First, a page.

What’s the value of carbon? It depends on how you price it

"CO2" written in cloud across blue sky: Carbon pricing should be standardized.

Carbon pricing should be standardized. Image: Unsplash/Matthias Heyde

Pedro Ahlers
Innovation Architect for Sustainability, SAP
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Sustainable Finance and Investment

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  • To understand and maximize the value of carbon economically, it must be priced correctly, and be subject to global and universal standards.
  • Effective carbon pricing can enable new business models and manage investment risk more effectively.
  • Ecosystems thinking, rather than ego-systems thinking (business-only mindset) is critical in valuing carbon correctly.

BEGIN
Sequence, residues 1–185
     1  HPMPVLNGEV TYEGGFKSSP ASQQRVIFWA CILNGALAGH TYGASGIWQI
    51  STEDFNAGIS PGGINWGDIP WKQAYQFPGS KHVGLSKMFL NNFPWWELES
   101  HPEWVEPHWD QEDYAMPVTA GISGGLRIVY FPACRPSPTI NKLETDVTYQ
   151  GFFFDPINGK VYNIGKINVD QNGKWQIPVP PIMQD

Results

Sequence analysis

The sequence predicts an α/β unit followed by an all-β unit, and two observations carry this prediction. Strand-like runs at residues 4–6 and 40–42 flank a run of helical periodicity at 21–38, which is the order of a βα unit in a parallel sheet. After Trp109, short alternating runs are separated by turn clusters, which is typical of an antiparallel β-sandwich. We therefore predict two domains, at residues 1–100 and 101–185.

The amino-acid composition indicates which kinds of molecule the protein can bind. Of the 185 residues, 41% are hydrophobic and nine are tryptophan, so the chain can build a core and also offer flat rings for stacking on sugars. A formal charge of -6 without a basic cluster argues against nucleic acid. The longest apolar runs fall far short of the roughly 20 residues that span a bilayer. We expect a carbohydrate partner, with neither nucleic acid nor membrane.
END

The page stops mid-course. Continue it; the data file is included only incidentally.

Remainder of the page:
Carbon dioxide (CO2) is the key to maintaining the earth’s natural balance. But today, carbon dioxide levels are higher than they have been for the past 800,000 years. Experts acknowledge the excess we now produce of the transparent and fundamental compound but governments, companies and the public often compare outdated figures with a very different context.

Now is the time to challenge what we think we know about carbon dioxide and technology can help us achieve that goal. Governments can then build on this through robust, globally aligned frameworks that help transform businesses to become more sustainable, so together, we can stop the earth from hurtling into disaster.

Through 2021, the World Economic Forum hosted a multi-stakeholder dialogue to advance a collective understanding of the net economic, social and environmental value delivered by multiple forms of carbon. This blog is part of a series illustrating key elements of a possible model for value assessment, an improved narrative about carbon, and opportunities for potential collective action.